The AA’s Design Research Laboratory (DRL) was founded in 1998 by AA director Brett Steele and Patrik Schumacher (AJ 21.02.08). The DRL is ‘dedicated to exploring the possibilities of today’s highly distributed digital design networks and tools’. It’s also known as ‘Zaha boot camp’ because of its connection with the founder of parametric urbanism, Zaha Hadid, who often recruits from the DRL. www.aaschool.ac.uk/aadrl

Southern California Institute of Architecture (SCI-ARC), USA

SCI-Arc is a centre of innovation established to transform technological and cultural paradigms into the practice of architecture. A selection of SCI-Arc research projects were shown earlier this year at the Guggenheim Museum in New York City, during an exhibition called ‘Contemplating the Void: Interventions in the Guggenheim Museum’. Artists, architects and designers were invited to imagine the interventions they would make in Frank Lloyd Wright’s spiralling rotunda. www.sciarc.eduSerena Valietti

Readers' comments (35)

  • and what will be the death of parametricism?:

    superlatives and absolutes

    oh, and materials scarcity.

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  • What is it about Germans always trying to start the war? Albeit, this time, relatively harmless, let the style just evolve by itself and the time will tell if parametricism has a long term future. You can't force construction industry into this just like that, it will take a long time. I personally think that it is a scary prospect of the industry being hijacked by a bunch of Rhino scripto-nerds who are probably can't draw simple water proofing detail.

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  • I was going to say that this was a pretty lucid defense of the pretty much indefensible, but the end of the article seemed to trail off a bit. Is it really sensible to say that only parametricism could have produced workable solutions to the Nordpark project?

    I think that there are a number of problems with the premise of this article. Patrik seems to be suggesting that Modernism was a style that we got bored of when in fact it was a style whose limitations began to be understood (cold bridging, leaky rooves, aesthetic poverty in the eyes of lay-people. Modernism was also not really a style; it was an attempt to get to grips with the technological and economic fall out from the industrial revolution. If Parametircsm is a 'proper' (epochal in Patrik's words) style rather than a transitional one (like PoMo or Decon) then it has to be borne of a similar urgent necessity to the one that gave rise to Modernism in my humble opinion. Now I'm no tree hugging eco-warrior, but global warming,as well as the
    scarcity of fuel and materials is the only 'thing' going in my opinion that compares, in terms of urgency and universality, to the industrial revolution which spawned Modernsim (which is neat because the Industrial Revolution and the Sustainability question are two sides of a very big coin). If we accept that this is indeed the case, then we have to look at the likes of BedZED, the works of people like Baumschlager Eberle, Konrad Frey, The Vales and other Sustainability pioneers as the real harbingers of an epochal style. Parametricsm then turns out to be just another style (and I really like the Nordpark scheme actually) best suited to the high end 'Formula 1' type of market. In fact I think that Zaha Hadid should design the next F1 racing venue if they haven't done so already because that seems to me to be a magnificent fit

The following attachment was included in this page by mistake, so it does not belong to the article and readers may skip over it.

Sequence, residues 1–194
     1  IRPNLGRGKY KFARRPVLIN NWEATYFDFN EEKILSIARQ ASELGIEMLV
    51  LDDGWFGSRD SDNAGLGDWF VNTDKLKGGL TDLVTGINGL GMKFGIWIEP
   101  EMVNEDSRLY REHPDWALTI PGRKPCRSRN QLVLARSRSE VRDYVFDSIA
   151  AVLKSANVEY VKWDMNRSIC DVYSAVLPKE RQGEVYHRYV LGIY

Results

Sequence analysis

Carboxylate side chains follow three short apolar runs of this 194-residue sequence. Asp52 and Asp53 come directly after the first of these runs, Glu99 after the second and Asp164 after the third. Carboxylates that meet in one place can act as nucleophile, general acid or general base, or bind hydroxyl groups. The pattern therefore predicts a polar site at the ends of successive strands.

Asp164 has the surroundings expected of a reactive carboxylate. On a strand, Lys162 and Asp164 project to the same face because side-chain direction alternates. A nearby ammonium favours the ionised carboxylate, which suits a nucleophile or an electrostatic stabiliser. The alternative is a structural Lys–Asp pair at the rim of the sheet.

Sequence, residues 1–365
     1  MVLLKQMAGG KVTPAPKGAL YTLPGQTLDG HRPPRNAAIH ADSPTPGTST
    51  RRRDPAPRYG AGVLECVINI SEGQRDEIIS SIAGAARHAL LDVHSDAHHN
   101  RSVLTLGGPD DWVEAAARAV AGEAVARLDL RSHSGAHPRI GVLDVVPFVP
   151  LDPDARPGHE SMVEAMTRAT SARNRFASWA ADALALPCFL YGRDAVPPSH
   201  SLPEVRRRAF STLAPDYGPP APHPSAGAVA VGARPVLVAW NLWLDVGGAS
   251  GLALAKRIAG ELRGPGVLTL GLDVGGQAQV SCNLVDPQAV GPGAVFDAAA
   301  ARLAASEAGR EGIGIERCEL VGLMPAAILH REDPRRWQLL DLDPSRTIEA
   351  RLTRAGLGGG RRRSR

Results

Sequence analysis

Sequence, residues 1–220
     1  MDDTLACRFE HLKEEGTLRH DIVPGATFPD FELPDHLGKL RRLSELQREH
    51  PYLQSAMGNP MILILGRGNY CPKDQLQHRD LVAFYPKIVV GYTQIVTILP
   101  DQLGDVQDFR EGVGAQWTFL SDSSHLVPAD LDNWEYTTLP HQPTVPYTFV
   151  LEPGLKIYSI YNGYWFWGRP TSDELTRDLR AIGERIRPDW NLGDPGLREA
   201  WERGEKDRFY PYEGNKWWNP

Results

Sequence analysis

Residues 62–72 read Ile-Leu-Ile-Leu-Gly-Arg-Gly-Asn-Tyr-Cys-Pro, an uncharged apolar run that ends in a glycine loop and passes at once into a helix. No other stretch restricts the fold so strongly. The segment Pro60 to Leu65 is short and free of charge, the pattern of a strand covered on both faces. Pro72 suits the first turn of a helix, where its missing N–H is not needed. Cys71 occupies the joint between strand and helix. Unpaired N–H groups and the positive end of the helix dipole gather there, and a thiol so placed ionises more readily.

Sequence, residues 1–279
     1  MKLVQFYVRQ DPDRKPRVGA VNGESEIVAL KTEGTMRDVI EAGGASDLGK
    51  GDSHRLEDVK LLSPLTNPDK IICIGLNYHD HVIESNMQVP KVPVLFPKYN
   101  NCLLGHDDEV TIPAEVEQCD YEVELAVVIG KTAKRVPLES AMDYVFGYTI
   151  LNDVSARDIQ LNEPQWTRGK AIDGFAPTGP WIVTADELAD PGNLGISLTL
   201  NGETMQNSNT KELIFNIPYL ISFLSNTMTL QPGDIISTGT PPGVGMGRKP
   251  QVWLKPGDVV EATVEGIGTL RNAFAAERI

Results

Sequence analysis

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  • so, floors are still flat, doors are still rectangular w/knobs to open/close, walls still separate spaces, stairs/ramps/elevators/etc. still the ways you get around in "parametric" constructions, toilets/urinals/bidets/sinks are stilll...well, you get the idea.

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  • Will this have been possible without the number crunching power of computers and design software, which is the womb that nurtured this child. It does not respond to any of our pressing realities so therefore will never grow up to be any thing further than fashionable.

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  • The idea that the concept of "style" needs to be re-habilitated while conceding that it's the primary way the public understands architecture underlines the main problem within the profession. They could care less about the public.

    This article is the most conservative architectural treatis I've recently read in that all the modernist conventions are being upheld. The false dichotomy of either historicism or modernism blows right over the fact that modernism as a style (broadly speaking) is as historicist as any other.

    This guy's attempt to institutionalise whatever work his firm does as the go to style of today is as transparent as the false intellectualism of the early modernists. We are modern, eclectic people, and as such ought to to whatever we feel like. If only architects as professionals would get over their fear of being tradespeople, we might actually produce buildings people care about. It's no wonder European cities have been frozen in time, it's the public's way of acknowledging we can't do anything better. Look back at most architectural commentary of the last 300 years, and the evolution of whatever style was in vogue was always refered to as modern. To me, it's just another used car salesman pitch.

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  • Style is a relatively recent and historical term - it was not, for instance, something that was self-applied by practitioners of classical or baroque architecture as noted above.

    There's no point in claiming a style of today for any reason other than glory or megalomania.

    Architects should simply work in whatever manner is suitable for the project. Historians can worry about style.